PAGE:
"The Future of Music Part I "
I am getting old. There's no question about it. I've got gray hair, age spots and wrinkles, and a lot of stories to bore people with. I bought a ION USB turntable and it's my dream to take all my vinyl LP's (yes, shelves of them) and my casettes (oh, the shame!) and covert them to CDs. And CDs already obsolete. Sigh.
So, where is the music industry going?
According to David Byrne, in "The Fall and Rise of Music," Wired Magazine, Jan 2008, almost 50% of the music sold will be digital download by 2012.
The potential for a performing musician / songwriter to make money is greater in a digital market. With today's home studios, a good recording can be made for a lot less than it used to be. Without the packaging, the cost to produce a "CD" is negligible. And, there are online services that will, for a minimum fee, accept digital CDs, and sell them by track or by CD.
If the musician / songwriter keeps both the songwriting royalties and song publishing royalties, the profit from the sale of the CD has the potential to be far greater than if it was released in the old-fashioned way and marketed by a big record label.
So, the music becomes available to a far greater audience and the musician / songwriter makes money? Sounds like a future too good to be true. There must be a down-side.
The potential to make a lot of money assumes the musician / songwriter knows how to market the songs. If no one knows about the performer or the songs, no one will download the music. 100% of no sales is not more than 10-14% of a lot of sales by a record label. Not all musician / songwriters have recording contracts, so for the indie artist, this is not an issue.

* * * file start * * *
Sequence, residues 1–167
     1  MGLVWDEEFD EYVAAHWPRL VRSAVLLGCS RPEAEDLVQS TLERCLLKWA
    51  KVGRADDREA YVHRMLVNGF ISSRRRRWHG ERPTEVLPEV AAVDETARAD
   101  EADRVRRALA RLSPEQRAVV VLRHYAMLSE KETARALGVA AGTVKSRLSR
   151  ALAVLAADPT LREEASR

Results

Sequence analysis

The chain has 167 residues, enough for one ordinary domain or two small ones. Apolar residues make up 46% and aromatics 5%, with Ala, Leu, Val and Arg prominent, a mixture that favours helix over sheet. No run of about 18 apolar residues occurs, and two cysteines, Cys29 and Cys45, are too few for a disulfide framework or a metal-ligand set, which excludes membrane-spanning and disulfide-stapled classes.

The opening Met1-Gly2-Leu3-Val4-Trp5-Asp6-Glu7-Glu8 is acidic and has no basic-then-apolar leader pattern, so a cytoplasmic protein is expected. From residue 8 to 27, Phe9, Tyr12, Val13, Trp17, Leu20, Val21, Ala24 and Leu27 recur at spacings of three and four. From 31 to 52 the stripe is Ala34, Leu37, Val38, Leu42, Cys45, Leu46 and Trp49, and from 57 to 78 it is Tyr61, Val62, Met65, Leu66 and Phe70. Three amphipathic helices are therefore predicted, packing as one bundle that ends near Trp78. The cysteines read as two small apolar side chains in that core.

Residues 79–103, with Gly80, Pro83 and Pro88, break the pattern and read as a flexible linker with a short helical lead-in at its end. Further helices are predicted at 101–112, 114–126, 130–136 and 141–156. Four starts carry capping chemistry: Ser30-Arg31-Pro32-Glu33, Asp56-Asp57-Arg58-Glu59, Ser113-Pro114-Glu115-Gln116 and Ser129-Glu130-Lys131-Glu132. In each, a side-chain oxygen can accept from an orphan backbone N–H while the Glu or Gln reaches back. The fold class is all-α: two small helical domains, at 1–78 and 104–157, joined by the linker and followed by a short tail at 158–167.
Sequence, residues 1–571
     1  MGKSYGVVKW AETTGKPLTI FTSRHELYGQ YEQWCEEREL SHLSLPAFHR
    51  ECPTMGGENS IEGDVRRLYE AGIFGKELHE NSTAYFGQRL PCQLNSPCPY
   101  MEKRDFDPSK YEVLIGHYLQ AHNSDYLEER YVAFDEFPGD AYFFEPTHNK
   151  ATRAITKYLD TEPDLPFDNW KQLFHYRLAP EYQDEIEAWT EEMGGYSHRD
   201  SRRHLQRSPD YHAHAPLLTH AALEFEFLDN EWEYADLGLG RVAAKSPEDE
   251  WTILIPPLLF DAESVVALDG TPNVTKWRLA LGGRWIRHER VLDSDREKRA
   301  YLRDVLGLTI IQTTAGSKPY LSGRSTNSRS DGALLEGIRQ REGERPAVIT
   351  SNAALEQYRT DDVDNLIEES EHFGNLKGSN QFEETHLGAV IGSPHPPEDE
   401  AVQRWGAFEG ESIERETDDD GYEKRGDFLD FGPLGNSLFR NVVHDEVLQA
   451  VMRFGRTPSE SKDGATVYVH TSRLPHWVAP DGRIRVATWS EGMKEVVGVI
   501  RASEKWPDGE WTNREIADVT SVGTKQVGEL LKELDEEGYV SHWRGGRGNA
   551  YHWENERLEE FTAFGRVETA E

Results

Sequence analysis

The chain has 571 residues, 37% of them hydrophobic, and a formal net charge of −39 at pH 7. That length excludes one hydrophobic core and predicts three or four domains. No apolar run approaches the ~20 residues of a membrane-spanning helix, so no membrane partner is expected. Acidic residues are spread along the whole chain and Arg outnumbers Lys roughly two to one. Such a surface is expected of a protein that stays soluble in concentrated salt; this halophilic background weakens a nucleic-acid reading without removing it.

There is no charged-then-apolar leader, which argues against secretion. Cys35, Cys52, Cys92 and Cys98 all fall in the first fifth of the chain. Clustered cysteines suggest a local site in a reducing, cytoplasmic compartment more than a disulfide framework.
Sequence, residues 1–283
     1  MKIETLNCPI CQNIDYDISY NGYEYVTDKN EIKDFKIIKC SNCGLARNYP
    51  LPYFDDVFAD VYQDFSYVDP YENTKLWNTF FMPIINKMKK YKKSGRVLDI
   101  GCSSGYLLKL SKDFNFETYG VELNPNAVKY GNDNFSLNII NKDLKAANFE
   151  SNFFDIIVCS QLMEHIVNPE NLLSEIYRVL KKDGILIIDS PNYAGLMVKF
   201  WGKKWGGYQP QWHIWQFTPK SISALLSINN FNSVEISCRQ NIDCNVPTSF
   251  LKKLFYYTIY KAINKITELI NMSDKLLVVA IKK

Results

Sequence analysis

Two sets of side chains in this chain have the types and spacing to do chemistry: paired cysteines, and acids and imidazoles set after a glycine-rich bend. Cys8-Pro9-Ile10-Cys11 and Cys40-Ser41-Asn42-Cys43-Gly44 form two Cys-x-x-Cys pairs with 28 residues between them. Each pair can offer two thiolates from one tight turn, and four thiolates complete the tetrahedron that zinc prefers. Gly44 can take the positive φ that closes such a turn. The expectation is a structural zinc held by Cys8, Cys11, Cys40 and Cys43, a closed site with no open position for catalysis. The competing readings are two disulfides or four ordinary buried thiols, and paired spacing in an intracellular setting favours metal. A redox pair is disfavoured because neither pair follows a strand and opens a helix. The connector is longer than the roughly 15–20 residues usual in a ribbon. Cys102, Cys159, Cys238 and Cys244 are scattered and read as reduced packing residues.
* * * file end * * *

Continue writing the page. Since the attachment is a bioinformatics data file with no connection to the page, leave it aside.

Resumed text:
Another down side is the quality of the music. All music is composed of various wave lengths. When it is compressed, some of those wave lengths are lost. Even when music is compressed into wave files, it loses some of its qualities. When it is compressed into an .MP3 file, more is lost because the compression is greater.
So, we work hard in the studio to record all the instruments and mix it into a pleasing blend, from the bass on the bottom to the highest notes of the lead instruments. Then we compress it for digital storage and download efficiency, and those lows and highs and some of the middles are lost.
Jim Ratts of Runaway Express , owner and recording engineer of Raven studios in Englewood CO, as well as a performing musician / songwriter, believes that listening extensively to compressed music files not only robs the listener of the full sound of the music but could be potentially damaging to the listener. We're not talking about the dangers of ear buds, etc. We're talking about the ears and brain losing the ability to process all wave lengths of sound because the "muscles" for the missing wave lengths atrophy. Use it or lose it.
The quality of the sound is tremendously more with a CD than a vinyl LP. That's apparent when the two are played through the same amplifier and speakers.
With ear buds, there is an illusion that the quality of sound is better. Because of the ear buds, we hear more detail in the music. But, if the music file is compressed, we don't hear the full sound. It was lost in the compression.
If the music was recorded in a home studio, the quality of the recording may not be as good as it would be in a good studio. That probably doesn't matter if the music is going to be compressed and sold digitally.
While I applaud a future that allows musician / songwriters more creative control over their songs, and more profit from the sale of their songs, I am concerned about a future where the music experience consists mainly of compressed music files. Some things are gained and some things are lost.
Thanks to Bob Turner for lending me the Jan 2008 issue of Wired magazine.
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